Absolutism

How I became a better patient

Recently I had surgery. It wasn’t major surgery, but the recovery was just enough to put me in pain for a week or so and make it difficult to function. During that time, I discovered that I am not a very good patient. Which, curiously, got me remembering Albert Ellis, an eminent psychologist who died in 2007 at the age of 93.

Albert Ellis is familiar figure to mental health professionals around the world. He’s considered one of the founders of the cognitive therapy movement. Today, virtually all therapists-in-training are taught the basics of his Rational-Emotive model. As for Ellis himself, he was known for his salty humor and tireless devotion to helping people overcome their problems. But all accounts he was quite a character. He didn’t just help you identify your irrational beliefs, he disputed them.

And what sort of irrational beliefs did he help you dispute? Consider this one:

“The world must always be comfortable and provide me with exactly what I want.”

Now, I’d like to think I’m a rational guy. I am, after all, a therapist. I try to practice what I preach. Normally, I don’t think the world owes me anything.

But when I was laid up after surgery, my rationality went right out the window. Oh, for the few days I was just fine. But after about a week I’d spent what little patience I had saved up and now I felt emotional overdrawn.

In my world––let’s call this John’s irrational world––I would not need surgery. Hey, I wouldn’t even get sick, because, after all, I don’t have time for something as inconvenient as illness. In my world, my body would do exactly what I demand it must, which is to work perfectly at all times, under all conditions, now and forever more, thank you very much.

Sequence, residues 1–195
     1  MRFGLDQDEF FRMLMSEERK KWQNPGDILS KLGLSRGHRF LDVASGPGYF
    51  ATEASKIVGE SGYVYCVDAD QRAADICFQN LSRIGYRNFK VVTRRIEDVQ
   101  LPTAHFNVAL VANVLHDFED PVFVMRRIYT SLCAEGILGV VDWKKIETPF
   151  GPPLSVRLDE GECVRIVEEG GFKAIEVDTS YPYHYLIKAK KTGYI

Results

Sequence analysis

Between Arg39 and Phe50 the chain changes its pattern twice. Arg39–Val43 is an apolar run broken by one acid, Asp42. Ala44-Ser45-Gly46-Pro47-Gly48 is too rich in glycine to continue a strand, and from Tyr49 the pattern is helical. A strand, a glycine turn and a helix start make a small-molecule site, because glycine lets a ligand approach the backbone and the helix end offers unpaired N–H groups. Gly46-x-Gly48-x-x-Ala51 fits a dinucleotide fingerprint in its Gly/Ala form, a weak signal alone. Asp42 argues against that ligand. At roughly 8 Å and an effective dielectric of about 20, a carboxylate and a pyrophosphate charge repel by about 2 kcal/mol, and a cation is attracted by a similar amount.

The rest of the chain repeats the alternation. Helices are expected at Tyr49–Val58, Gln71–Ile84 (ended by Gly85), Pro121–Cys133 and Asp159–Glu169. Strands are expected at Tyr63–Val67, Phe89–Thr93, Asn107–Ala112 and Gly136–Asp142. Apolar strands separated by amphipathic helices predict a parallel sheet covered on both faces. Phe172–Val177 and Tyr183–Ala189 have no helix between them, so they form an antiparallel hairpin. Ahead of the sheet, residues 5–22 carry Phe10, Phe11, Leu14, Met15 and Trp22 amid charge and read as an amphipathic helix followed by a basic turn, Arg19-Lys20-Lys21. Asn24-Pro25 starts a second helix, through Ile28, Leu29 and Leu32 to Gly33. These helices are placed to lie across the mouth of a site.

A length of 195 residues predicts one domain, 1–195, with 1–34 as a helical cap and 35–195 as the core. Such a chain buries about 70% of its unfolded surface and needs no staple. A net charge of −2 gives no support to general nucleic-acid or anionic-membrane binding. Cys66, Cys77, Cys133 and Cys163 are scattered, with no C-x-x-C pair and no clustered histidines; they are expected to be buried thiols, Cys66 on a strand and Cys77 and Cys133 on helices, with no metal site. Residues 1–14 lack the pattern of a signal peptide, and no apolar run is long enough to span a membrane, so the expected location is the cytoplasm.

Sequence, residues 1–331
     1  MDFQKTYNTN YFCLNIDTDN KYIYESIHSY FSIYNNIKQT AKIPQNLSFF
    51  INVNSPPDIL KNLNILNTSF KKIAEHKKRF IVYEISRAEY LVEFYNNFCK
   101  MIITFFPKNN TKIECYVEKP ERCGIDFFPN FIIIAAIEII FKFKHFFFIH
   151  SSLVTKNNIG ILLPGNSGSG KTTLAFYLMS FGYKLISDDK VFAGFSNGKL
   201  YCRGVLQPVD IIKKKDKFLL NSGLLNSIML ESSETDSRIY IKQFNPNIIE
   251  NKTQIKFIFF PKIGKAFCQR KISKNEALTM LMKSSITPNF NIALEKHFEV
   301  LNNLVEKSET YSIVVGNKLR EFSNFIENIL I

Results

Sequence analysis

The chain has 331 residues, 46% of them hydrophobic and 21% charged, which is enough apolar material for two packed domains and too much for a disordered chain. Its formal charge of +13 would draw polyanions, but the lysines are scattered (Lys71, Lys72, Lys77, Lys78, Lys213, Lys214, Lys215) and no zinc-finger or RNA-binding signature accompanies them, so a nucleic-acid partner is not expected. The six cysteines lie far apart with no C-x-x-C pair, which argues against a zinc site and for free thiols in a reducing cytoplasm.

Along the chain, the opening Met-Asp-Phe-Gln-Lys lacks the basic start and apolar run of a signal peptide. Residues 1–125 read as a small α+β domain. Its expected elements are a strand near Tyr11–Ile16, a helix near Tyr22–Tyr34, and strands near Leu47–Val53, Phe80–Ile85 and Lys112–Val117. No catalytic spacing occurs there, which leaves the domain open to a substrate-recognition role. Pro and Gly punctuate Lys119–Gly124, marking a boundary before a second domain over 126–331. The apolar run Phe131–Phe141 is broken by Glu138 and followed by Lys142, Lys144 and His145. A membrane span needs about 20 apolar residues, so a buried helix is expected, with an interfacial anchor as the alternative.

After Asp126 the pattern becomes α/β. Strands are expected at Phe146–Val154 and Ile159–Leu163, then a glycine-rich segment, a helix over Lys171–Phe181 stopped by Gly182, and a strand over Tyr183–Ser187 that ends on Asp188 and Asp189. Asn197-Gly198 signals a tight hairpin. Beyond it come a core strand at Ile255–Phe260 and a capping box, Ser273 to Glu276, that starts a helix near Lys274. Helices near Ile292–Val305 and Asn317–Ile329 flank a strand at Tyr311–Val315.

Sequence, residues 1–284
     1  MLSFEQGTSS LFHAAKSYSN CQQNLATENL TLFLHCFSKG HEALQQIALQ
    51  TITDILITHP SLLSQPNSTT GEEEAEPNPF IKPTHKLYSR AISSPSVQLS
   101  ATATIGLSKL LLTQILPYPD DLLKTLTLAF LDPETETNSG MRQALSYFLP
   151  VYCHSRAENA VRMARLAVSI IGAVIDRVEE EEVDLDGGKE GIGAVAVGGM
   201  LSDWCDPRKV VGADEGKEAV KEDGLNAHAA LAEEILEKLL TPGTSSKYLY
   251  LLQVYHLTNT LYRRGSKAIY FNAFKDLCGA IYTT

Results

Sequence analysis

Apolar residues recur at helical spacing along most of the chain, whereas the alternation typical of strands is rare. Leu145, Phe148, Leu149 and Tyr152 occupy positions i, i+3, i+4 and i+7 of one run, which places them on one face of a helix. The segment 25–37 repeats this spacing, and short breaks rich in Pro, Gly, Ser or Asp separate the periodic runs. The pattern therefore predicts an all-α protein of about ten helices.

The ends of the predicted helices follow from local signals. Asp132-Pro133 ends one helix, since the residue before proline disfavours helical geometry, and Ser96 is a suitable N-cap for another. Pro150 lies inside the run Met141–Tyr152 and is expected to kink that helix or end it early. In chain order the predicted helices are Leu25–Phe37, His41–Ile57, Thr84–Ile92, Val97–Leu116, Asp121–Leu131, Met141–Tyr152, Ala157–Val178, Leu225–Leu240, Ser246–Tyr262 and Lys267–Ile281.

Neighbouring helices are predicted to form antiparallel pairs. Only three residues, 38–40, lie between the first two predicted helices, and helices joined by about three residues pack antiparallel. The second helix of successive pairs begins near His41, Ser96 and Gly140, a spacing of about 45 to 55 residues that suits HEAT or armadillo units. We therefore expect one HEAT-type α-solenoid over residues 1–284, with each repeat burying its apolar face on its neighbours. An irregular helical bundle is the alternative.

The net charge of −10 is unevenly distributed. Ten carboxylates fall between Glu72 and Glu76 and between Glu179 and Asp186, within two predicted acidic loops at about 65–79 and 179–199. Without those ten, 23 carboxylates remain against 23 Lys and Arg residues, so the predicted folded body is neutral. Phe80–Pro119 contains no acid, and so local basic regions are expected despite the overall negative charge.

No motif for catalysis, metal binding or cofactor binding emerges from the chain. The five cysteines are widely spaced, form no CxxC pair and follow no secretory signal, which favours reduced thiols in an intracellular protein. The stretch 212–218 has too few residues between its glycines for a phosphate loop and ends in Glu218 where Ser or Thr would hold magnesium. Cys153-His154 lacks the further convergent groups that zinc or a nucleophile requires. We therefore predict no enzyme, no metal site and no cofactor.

You see, Ellis believed that we have a tendency to fall into the habit of thinking in absolutes. Words like must, should, ought-to lead to a cognitive system that’s too rigid. And when these absolutes are applied to the world (we also have a tendency to apply them to ourselves), we are prone to poor stress tolerance, frustration, and anger.

Stress is a fact of life. We all know this. Yet how often don’t we operate as if we must never be stressed? As if somehow there was a rule in the universe that said we should never be made uncomfortable.

When you’re stressed, inconvenienced, or challenged by some unexpected circumstance, have you ever had one of these thoughts?

“This shouldn’t be happening
.”

“I shouldn’t have to put up with this.”

“This just isn’t fair.”

Once we hold the universe to the standard of providing us with comfort, it’s easy to get frustrated or angry when the world fails to comply.

So let’s return to John’s crazy world for a moment. If he were to break the habit of thinking in terms of musts or shoulds, what would the alternative be?

The more rational view might go like this:

It would nice if John’s body stayed free of trouble and he didn’t have to undergo surgery, and certainly preferable. And it would be pleasant if, when the surgery was completed, he bounced back in a few days, pain-free. But these are preferences, not demands.

You might think you’re above absolutist thinking. And maybe you are. Maybe you’re one of those well-balanced individuals who stays rational all the time, not matter how much stress, inconvenience, or hardship you face. Still, think back to the last time you felt angry because life felt unfair. Then ask yourself this: what was your underlying assumption? Did you place an implicit demand on the universe? Was there a should somewhere in your thinking?

I’m still recovering from the surgery. I still have some pain and discomfort and I still can’t do everything I want to do. But if I let the ghost of Albert Ellis be my guide, who, in his salty humor kind of way, would be pointing out that I’ve been must-erbating my way through recovery, I might just become a better patient.
Copyright 2008-2016 John Gibson. All rights reserved.